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NC #670 Paintcode, Apple Watch Health Tracking, Stretch Timer, We.Stream, Bellus 3D, Cyber Essentials, Rings

Allister Jenks stands in for a vacationing Allison Sheridan. We have a review of Paintcode, a story of using the Apple Watch to track health in ways other than the Activity app, Allister’s own health app Stretch Timer, two interviews from CES with We.Stream and Bellus3D, some security tips with Cyber Essentials, and a fun casual iOS game, Rings.

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Stretch Timer by Allister Jenks

Stretch Timer iconIn my story about PaintCode, I mentioned I had rewritten an app that I use for timing my muscle stretches. I’d like to tell you about that app now, in a bit of an ‘advertorial’.

I first wrote the app in 2016 when I was having back trouble, and part of the treatment for this involved regular stretching exercises. It was critical, I was told, to hold the stretches for the correct amount of time for them to work properly. While I can fairly reliably count off seconds in my head, also keeping track of the number of repetitions completed can make it easy to lose track, especially if there were also left and right variants to perform. I set about finding the perfect app in the App Store, but I couldn’t find one that wasn’t either difficult to use or overkill for the task. So, I decided to write my own.

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Tiny Tip – How to Add a Workout to Apple Health from iPhone by Sandy Foster

SandyThis Tiny, or possibly Nano tip came up when Sandy Foster asked in our Google Plus group at podfeet.com/googleplus how to add a workout from the iPhone. I responded that I didn’t think it was even possible, but luckily Allister Jenks stepped in and helped. Here’s Sandy’s Nano Tip:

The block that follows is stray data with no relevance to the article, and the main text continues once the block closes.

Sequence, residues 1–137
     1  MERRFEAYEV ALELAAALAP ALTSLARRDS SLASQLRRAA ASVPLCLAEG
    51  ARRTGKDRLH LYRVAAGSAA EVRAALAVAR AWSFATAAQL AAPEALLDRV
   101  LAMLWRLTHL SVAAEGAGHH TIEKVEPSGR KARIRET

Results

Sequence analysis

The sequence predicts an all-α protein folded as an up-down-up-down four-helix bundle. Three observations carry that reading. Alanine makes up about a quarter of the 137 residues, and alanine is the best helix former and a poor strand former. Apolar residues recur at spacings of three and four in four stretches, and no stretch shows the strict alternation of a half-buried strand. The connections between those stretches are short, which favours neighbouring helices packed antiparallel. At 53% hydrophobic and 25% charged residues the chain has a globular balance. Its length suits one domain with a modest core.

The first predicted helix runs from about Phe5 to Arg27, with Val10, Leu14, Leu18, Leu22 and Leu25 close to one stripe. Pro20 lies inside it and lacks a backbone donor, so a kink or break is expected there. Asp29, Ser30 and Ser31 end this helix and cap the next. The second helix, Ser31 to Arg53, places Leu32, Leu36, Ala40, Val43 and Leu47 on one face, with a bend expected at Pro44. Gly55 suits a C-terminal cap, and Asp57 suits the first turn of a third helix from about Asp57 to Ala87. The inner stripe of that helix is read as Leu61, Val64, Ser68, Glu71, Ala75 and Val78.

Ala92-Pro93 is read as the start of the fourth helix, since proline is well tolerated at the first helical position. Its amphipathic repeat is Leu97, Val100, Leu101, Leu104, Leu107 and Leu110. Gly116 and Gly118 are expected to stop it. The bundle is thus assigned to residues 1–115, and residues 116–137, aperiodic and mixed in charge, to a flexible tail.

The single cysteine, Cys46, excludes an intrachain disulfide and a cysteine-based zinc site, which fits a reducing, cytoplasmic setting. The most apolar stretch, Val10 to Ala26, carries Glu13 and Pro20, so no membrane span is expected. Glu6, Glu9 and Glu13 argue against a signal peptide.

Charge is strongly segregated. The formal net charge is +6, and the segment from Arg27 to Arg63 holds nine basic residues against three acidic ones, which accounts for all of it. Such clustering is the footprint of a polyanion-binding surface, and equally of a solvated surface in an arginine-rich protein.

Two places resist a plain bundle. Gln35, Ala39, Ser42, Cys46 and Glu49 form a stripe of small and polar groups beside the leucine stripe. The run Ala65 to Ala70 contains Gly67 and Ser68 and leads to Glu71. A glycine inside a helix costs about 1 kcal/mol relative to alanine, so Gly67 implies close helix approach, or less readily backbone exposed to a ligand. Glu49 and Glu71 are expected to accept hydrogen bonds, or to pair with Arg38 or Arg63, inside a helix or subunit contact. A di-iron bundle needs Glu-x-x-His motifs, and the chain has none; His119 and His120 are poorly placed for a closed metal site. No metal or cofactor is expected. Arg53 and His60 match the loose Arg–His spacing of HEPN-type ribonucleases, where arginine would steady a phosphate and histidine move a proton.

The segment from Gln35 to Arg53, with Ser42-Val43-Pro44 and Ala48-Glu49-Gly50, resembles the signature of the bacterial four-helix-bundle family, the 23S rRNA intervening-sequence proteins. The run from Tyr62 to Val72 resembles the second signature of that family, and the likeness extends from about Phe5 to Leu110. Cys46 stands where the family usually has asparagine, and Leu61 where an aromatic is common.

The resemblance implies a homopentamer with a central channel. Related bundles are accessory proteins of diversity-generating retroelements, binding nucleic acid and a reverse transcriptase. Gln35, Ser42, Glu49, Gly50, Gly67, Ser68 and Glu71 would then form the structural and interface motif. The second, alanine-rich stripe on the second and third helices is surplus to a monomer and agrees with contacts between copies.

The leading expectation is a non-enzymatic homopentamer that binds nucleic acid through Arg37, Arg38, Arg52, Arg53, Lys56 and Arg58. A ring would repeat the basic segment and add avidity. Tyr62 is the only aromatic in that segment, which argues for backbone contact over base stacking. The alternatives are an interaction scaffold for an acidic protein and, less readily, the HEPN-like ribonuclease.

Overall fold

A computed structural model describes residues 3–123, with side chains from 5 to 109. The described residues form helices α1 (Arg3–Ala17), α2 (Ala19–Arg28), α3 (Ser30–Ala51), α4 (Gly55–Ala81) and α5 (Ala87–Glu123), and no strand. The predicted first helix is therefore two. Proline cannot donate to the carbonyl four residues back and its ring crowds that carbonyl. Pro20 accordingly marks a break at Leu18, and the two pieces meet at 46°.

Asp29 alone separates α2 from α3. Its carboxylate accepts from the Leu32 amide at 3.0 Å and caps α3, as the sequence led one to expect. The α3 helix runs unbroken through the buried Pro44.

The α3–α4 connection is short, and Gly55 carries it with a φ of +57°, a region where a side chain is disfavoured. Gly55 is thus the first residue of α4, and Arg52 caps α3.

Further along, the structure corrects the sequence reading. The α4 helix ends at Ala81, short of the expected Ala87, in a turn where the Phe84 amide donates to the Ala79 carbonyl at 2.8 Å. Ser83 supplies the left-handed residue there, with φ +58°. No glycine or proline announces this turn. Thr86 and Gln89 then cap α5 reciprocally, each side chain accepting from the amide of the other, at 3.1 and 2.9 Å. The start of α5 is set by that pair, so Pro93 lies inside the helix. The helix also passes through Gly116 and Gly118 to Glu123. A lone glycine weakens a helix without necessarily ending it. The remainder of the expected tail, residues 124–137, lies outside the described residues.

Hi Allison. This is Sandy Foster with a quick tip, thanks to Allister’s help. I sometimes forget to start a workout on my Apple Watch before beginning. That’s usually because I’m with friends and we get talking. Oh well. I had a difficult time finding out how to manually add a workout, but here’s how it’s done.

Open the Health app on the iPhone. Go to the bottom of the page and tap on the second icon from the left; it’s the Health Data icon.

On the new page that opens, you will see four large colored squares. Tap on the one that says Activity, which will take you to a new page.

SandyScroll down a little to see “This Week” and — under that — “Exercise Minutes” and “Workouts”. Tap on Workouts. This takes you to yet another page.

This new page is the one I’d been searching for. In the top right-hand corner is a red plus sign. Tap on that.

Now just tap on the Activity Type field to get a selection of different workouts in a scrolling section at the bottom of the page; select the appropriate one. Then tap on the Starts and Ends sections in turn to set the date and time of the workout.

At the top of the page, tap Add, and you’re all done!


Allison interrupting again. Sandy and I chatted after she submitted this awesome tip because I couldn’t find Workouts below This Week. For some reason mine were above This Week. Workouts are hard to notice because they’re an orange button that looks like all the other buttons. I’m sure you’re more clever than me and can find them though.

I asked her the benefit of adding workouts in this manner, and she explained that this will give you credit in the Apple Activity app for time exercised and even calories if you have a good way to estimate what you burned.

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